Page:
Cells grown in culture have unlimited access to nutrients under conditions most favorable for growth and proliferation and little exposure to extrinsic factors such as cytokines that modulate growth and differentiation. In contrast, cells in a tumor growing in a host tissue environment face conditions with more limited nutrients and oxygen and are subjected to or benefit from a wide variety of host factors. The ability of cancer cells to proliferate within a tissue depends on their response to adhesive and growth factor cues within the ECM , and self-sufficiency in growth signals is one of the hallmarks of cancer . To stimulate their own growth and proliferation in tissue, tumor cells can overproduce and release their own growth factors or obtain them from the matrix as they are released by matrix metalloproteinases . The endothelial vasculature grows into the tumor and provides nutrients and oxygen . This model is illustrated by the experimental results presented here, as both A549 (lung) and U118 (brain) cell lines are observed to upregulate one set of genetic programs related to cell growth and proliferation when in culture and another set related to cell adhesion, the extracellular matrix, growth substances, and neovascularization when developing as an in vivo tumor.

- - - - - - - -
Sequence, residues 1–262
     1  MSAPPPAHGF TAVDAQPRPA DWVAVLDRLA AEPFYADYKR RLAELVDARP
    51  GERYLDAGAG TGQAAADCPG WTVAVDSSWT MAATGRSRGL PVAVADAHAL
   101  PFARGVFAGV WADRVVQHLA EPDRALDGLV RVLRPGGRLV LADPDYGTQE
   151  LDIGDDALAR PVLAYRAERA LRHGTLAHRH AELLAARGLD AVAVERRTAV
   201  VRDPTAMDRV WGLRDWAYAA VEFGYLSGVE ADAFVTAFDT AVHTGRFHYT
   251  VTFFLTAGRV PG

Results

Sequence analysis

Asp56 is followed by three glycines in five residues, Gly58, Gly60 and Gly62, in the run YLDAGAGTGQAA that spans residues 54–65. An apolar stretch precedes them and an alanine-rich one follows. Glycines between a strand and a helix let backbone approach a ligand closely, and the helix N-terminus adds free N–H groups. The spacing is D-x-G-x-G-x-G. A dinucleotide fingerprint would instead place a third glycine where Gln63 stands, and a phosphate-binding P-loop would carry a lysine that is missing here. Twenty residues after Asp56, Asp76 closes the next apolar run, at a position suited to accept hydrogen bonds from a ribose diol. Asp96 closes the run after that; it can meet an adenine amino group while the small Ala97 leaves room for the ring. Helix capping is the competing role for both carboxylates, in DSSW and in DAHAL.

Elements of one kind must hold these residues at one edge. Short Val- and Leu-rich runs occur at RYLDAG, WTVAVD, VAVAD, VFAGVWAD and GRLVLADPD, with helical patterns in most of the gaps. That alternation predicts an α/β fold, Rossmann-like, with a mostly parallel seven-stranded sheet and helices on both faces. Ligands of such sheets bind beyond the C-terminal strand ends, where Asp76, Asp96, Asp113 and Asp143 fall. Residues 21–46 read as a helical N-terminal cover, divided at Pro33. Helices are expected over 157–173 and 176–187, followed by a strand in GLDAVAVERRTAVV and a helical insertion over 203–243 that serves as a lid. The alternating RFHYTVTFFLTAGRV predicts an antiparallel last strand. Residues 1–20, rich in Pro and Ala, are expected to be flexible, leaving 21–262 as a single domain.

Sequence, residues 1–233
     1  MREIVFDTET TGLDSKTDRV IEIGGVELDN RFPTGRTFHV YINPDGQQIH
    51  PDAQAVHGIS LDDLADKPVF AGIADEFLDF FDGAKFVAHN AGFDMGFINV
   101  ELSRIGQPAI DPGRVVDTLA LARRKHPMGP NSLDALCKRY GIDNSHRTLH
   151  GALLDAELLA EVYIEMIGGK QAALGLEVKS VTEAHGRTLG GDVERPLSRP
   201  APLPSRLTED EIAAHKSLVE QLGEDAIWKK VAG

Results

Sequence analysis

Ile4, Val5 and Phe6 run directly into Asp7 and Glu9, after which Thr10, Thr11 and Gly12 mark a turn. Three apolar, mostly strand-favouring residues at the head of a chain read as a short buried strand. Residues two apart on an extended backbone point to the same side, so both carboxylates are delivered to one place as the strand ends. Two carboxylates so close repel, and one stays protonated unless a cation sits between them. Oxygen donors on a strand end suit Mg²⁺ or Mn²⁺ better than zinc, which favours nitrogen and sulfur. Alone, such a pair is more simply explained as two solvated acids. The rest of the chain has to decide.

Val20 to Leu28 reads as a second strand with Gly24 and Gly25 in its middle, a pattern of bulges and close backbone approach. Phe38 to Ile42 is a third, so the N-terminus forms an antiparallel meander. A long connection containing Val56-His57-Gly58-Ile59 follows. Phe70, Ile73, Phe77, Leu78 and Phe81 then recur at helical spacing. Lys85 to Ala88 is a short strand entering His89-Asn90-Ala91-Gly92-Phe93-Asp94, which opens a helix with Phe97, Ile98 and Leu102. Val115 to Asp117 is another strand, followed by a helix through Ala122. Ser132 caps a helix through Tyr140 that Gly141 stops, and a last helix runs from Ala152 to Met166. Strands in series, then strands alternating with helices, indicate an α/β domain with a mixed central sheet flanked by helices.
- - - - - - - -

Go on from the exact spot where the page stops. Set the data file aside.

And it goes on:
In terms of new biological insight into cancer development, our findings suggest that cancer cells of different origins interact in different ways with the same extracellular environment to survive and proliferate as tumors. These lineage-specific genetic programs for cell adhesion and ECM interaction, although less active in cell culture, are not lost, but may be reactivated when cells are transplanted back into an in vivo environment, even if the new environment is different from the tissue of origin of the cancer. This conclusion is based on the significant representation of genes associated with cell adhesion and the ECM in both the A549 and the U118 xenograft tumors. However, the genes in each case represent two very distinct sets, the set in the U118 tumors being more similar in their expression pattern to that of the U118 cell cultures than to the A549 cultures, and vice versa.